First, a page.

Day Three at TIFF was by far our craziest of the year—seeing five films back-to-back from 11AM to 2:30AM. The late start allowed for a bit of sleeping in for preparation, as well as a semi-lengthy breakfast at Timmy Ho’s, both of which probably kept us from falling asleep during the marathon sittings. And while the last two of the night finally saw a bit of humor infused into the otherwise heavy schedule of dramas that do take something out of you, the morning opened with what could have been the darkest all weekend, David Schwimmer‘s Trust.
A far cry from his directorial debut Run, Fatboy, Run, this new piece stemmed from his work with the Santa Monica Rape Treatment Center and all the people he has met there. With Department of Justice stats saying how 1 in 4 girls and 1 in 6 boys are sexually abused by the age of 18, his brief introduction gave us much needed context to the subject matter. Authentic from the opening credits with text messages superimposed on the screen as young Annie (an amazing performance from Liana Liberato) slowly discovers the 16-year old boy from California she’s chatting with is twice the age he says, the plot hits hard. It’s a rough look into the world of internet sex predators and the victims whose fragile psyches cause them to think they are in love—that no crime was committed. Kudos to Catherine Keener, Viola Davis, and especially Clive Owen for surrounding Liberato and allowing her to put a face to these tragedies happening every day. 9/10.
As a very friendly couple from Burlington said while we all waited for film number two, Rochester resident John Curran‘s Stone, there wasn’t a dry eye at the Elgin post-Trust. We all therefore hoped for a bit of a breather in the dramatic gravitas with Robert De Niro and Edward Norton‘s seeming thriller of a parole officer/parolee relationship that turns criminal when adultery for special treatment is added to the equation. But it turns out Stone is much much more than that. A spiritual tale of God speaking through sound, I still am not quite sure what to think. The performances from those two, Milla Jovovich and Frances Conroy are great and the story itself is thought-provoking at every turn … but what exactly does it all mean? I will definitely have to delve into it more once I write my review. For now, hearing Curran say how he tried to stay true to the source, a play-turned-movie, I can’t deny the respect I have for him not pandering to the mainstream. 7/10.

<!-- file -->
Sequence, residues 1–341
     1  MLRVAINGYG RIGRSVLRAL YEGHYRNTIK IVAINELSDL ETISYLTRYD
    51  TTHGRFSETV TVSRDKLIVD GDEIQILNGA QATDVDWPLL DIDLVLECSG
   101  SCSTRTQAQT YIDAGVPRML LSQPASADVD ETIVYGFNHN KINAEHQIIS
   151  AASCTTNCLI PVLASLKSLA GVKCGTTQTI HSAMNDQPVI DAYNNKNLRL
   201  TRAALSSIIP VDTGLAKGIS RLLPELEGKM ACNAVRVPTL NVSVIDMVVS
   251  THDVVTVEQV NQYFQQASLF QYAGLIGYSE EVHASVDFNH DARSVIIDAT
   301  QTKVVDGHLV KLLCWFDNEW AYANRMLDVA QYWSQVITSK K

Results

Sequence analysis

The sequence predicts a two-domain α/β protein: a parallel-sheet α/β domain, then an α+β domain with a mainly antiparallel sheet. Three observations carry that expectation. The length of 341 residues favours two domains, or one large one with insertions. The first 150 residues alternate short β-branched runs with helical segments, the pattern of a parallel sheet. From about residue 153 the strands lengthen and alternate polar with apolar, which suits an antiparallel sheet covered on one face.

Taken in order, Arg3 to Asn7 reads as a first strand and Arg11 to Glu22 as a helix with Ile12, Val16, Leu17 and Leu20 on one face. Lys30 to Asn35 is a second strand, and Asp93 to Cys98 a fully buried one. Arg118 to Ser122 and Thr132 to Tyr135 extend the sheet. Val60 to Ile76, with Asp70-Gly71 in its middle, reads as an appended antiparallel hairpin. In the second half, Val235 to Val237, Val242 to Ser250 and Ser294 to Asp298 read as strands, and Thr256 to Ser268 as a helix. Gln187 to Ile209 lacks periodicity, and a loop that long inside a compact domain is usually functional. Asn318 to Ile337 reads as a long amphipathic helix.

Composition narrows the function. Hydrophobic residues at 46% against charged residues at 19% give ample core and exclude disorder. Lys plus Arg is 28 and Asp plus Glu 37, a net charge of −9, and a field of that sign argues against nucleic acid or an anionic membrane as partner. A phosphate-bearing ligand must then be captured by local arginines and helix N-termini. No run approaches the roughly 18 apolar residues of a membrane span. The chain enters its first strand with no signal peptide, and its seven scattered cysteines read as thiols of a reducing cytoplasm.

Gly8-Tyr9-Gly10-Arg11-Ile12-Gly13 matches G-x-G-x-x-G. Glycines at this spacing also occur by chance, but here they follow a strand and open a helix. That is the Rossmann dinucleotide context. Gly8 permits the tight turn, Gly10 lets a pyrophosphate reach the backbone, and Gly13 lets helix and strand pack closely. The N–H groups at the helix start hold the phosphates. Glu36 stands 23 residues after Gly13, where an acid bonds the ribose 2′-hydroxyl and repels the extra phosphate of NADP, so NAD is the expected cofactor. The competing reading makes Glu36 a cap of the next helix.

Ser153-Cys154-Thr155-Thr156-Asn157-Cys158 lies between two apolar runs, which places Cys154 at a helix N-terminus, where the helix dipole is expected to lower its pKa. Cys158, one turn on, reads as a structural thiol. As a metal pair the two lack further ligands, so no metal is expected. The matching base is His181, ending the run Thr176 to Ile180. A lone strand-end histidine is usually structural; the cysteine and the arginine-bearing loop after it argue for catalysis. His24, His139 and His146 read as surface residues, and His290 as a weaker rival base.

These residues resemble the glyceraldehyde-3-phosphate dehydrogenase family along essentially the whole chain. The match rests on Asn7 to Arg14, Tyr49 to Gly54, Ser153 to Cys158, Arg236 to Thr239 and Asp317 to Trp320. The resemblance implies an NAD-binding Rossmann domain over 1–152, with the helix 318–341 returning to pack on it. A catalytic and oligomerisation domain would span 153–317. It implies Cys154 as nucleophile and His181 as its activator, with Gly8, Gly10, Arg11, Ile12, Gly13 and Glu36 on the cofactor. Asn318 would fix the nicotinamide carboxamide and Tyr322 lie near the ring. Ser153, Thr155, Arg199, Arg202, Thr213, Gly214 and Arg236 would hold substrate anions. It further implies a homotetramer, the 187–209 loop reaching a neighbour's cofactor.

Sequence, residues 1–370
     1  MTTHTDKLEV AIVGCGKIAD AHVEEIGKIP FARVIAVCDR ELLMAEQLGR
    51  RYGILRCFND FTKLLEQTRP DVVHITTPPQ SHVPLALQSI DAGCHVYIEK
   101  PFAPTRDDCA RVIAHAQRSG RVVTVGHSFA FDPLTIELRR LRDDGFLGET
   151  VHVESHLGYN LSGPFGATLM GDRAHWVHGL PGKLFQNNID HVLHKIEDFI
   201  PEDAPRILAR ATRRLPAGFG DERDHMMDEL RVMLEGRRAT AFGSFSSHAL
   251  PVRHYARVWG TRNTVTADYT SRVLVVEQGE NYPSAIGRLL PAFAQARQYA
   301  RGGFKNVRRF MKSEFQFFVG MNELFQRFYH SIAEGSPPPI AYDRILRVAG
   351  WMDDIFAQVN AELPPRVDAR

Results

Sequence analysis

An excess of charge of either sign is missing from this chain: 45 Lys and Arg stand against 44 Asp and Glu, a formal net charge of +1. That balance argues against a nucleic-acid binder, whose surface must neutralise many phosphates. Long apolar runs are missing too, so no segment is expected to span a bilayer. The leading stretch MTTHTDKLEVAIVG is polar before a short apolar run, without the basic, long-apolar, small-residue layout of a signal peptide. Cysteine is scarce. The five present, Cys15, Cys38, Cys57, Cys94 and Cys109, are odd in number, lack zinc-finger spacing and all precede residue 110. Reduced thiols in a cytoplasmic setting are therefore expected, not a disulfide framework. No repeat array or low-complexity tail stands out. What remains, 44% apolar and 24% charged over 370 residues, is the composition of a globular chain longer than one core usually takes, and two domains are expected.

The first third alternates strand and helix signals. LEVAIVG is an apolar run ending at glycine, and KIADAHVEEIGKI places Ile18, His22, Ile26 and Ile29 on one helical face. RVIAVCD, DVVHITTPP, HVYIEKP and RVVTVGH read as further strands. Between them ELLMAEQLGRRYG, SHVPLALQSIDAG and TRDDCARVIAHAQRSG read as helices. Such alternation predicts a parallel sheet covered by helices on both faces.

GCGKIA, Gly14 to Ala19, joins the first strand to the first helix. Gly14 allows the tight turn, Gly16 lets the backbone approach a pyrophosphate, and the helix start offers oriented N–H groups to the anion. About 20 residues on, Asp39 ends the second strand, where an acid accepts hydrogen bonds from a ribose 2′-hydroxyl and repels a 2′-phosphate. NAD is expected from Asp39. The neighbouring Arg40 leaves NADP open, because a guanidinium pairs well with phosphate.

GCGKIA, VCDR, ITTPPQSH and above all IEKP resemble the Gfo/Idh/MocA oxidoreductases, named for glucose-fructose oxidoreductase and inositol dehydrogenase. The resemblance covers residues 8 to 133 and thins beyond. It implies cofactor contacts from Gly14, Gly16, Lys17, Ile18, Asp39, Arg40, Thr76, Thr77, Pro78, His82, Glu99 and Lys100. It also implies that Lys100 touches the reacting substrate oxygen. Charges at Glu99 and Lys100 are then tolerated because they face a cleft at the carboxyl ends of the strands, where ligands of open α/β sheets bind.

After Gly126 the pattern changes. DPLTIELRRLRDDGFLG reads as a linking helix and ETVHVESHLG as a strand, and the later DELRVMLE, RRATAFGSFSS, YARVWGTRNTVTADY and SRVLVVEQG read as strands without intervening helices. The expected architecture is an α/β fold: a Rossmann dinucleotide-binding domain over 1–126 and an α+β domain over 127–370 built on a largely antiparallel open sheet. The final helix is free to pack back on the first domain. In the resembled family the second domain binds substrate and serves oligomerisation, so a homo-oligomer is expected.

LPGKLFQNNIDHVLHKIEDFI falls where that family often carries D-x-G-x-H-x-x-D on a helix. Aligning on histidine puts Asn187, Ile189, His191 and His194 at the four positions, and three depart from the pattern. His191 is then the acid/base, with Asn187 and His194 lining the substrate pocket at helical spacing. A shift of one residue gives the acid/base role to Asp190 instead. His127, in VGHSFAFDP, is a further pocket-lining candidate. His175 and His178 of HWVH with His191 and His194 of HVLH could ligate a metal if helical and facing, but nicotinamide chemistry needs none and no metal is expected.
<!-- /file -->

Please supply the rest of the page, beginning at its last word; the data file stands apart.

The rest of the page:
Our wildcard for the day came next, Peter Mullan‘s NEDS (Non-Educated Delinquents). Going in completely blind, neither of us were prepared for the length, nor extremely dire subject matter of Scotland’s street gang youths. The first half actually is as successful as it can be, showing the brutal life of bullies and victims (generally the bullies on the other side of the bridge) juxtaposed with a fantastic comedic undertone. Subtitled in order for the thick Scottish to be understood, the sense of sarcasm on behalf of the young boys’ teachers is pretty great, helping to temper the very real street fights, beatings, stabbings, and otherwise total lack of conscience. Once our lead, Conor McCarron, goes from A-plus student to delinquent extraordinaire over one summer, the humor takes a backseat to an increasingly rapid descent into hell, with no return in sight. One may say it goes too far, but I think the execution of the whole still keeps it honest. A good half hour could have been excised to hone it all in, but either way I’m glad to have stumbled into this horrifying world. 6/10.
So, after those three entries, you can believe we were both ecstatic to be seeing Anna Boden and Ryan Fleck‘s World Premiere of It’s Kind of a Funny Story. With the directors and stars (Zach Galifianakis, Keir Gilchrist, and Emma Roberts) in attendance, the film had the perfect mix of comedy and resonate life lessons, showing Craig on his five day self-committal at a mental hospital in order to stop himself from jumping off the Brooklyn Bridge. It’s a wonderful ensemble cast that never treads lightly on the seriousness of depression, but also doesn’t milk it for tears or heartbreak. All the patients help hold each other up and support them through their troubles, making it a coming of age story for the teenage lead as well as the middle-aged patients attempting to take the next step in their lives. A fantastic script, stellar acting, and a memorable karaoke fantasy of Queen and Bowie’s “Under Pressure” all combine to make this one of the best films of the festival so far. 9/10.
Thankfully, since our Midnight Madness screening of Guy Moshe‘s Bunraku was at the Ryerson right after Funny Story, we enlisted former Spree intern Leah Rankin to save us a spot in line as she was in town with her journalism class to enjoy the festivities as well. The prime positioning allowed us all to sit right down front in the fourth row and revel in the eye-popping visuals unleashed onscreen. Depicting a world where guns are illegal and justice is provided by the blade, the film is a memorable meld of graphic novel and video game with bright, vibrant colors and extremely exciting fight sequences. Cast members Ron Perlman, Japanese superstar Gackt (the fanbase in attendance for him was mindblowing), Woody Harrelson, Josh Hartnett, and Kevin McKidd all came out to support their director and see their work for the first time. It’s kinetic symphony of visual splendor had the same effect on them as it did the audience, leading to a fantastic bookend to a jam-packed day of cinema at its finest. 7/10.
 David Schwimmer
 John Curran
 Ryan Fleck, Anna Boden, Keir Gilchrist, Zach Galifianakis, Emma Roberts
 Ron Perlman, Guy Moshe, Gackt, Woody Harrelson, Josh Hartnett, Kevin McKidd